Airports Company South Africa (ACSA) announced that it will no longer be making passenger boarding calls at 6 airports starting from July 1, 2018. Picture: Soraya Crowie

CAPE TOWN - Airports Company South Africa (ACSA) announced that it will no longer be making passenger boarding calls at 6 airports starting from July 1, 2018.

ACSA Corporate Manager Senzeni Ndebele reportedly said in a statement that the public address microphones at domestic departures terminals and gates will be switched off, reports My Broadband. 

The affected airports include Port Elizabeth International Airport, Bram Fischer International Airport, East London Airport, George Airport, Upington International Airport, and Kimberley Airport. 

Passengers will have to now check their boarding passes and the flight information boards in order to check their boarding times. Ndebele added that terminal announcements will only be made when irregular operations occur such as gate changes, flight time changes and security concerns. 

Picture: Airports Company SA. (Twitter).


This latest move is reportedly in line with international best practice, said Ndebele. Take a look at the Twitter posts which list the airports that will be going silent:

In other ACSA news, the Department of Transport and Airports Company South Africa (Acsa) said earlier this month that it will implement the new names of four airports as “soon as possible” following public comment.

Acsa said Cape Town International Airport, East London Airport, Port Elizabeth International Airport and Kimberley Airport would be renamed as part of the government’s Transformation of Heritage Landscape programme.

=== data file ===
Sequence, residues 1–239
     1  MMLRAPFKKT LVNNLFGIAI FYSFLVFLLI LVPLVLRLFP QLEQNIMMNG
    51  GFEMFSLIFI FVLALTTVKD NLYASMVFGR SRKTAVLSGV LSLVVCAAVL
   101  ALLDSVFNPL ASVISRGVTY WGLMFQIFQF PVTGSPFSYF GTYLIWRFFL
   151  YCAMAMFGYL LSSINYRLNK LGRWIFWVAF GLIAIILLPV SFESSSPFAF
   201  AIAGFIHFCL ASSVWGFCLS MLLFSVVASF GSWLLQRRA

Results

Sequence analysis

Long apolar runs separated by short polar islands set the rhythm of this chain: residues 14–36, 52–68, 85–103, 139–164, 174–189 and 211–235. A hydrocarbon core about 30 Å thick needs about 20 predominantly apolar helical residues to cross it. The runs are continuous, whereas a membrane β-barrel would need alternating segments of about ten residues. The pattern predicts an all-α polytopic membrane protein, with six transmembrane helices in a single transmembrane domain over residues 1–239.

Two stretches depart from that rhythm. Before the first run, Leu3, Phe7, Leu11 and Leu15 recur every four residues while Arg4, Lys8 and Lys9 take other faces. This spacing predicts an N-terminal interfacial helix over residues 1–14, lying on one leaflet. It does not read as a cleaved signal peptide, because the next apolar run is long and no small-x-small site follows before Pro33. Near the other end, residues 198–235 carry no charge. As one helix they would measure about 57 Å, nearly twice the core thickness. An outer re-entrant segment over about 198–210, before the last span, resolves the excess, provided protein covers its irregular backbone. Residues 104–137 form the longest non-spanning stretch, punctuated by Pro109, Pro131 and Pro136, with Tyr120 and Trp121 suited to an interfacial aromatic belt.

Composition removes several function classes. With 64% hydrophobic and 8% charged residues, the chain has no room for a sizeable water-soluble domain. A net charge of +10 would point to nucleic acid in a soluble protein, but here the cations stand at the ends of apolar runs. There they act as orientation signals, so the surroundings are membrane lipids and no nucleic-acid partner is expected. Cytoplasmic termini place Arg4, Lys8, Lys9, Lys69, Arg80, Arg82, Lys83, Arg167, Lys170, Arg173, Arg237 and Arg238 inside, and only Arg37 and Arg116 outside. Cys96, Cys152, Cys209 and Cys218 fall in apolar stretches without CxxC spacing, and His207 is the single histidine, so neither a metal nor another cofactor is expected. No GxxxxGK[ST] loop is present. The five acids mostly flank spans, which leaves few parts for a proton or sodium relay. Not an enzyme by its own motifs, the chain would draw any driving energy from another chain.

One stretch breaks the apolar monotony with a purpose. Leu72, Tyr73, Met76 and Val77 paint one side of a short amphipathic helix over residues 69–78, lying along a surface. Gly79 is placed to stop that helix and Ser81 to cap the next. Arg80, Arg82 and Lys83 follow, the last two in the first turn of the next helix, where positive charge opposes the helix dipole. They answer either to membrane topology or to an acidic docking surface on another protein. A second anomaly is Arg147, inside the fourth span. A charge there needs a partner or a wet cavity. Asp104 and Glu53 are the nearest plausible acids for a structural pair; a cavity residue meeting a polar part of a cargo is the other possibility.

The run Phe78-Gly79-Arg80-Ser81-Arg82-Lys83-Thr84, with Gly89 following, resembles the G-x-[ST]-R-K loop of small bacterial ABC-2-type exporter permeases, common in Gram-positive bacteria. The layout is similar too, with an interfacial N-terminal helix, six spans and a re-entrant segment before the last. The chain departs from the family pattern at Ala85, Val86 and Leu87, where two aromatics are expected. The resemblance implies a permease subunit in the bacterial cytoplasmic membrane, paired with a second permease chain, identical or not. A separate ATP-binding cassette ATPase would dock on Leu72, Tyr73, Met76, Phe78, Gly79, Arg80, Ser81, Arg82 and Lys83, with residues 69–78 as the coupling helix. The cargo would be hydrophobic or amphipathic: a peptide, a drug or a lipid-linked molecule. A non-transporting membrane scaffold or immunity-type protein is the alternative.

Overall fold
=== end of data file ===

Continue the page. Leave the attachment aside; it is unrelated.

The renaming of Cape Town International Airport has been in the spotlight since the funeral of Struggle icon Winnie Madikizela-Mandela at Orlando Stadium, when EFF leader Julius Malema said it should be named after her.

Acsa said that following that Transport Minister Blade Nzimande had directed them to facilitate the process of changing the airport’s name to Nelson Mandela International Airport to honour the country’s icon.

“The renaming will be implemented in terms of the SA Geographical Names Council Act of 1998 (Act No 118 of 1998).

“The minister of arts and culture is responsible for the approval of geographical names after receiving recommendations from the SA Geographical Names Council. 

"The council is responsible for geographical features of national concern including towns, cities, suburbs and any form of human settlement, post offices, stations, highways, airports and government dams,” Acsa said.

READ MORE: Four airports to be renamed ‘as soon as possible’

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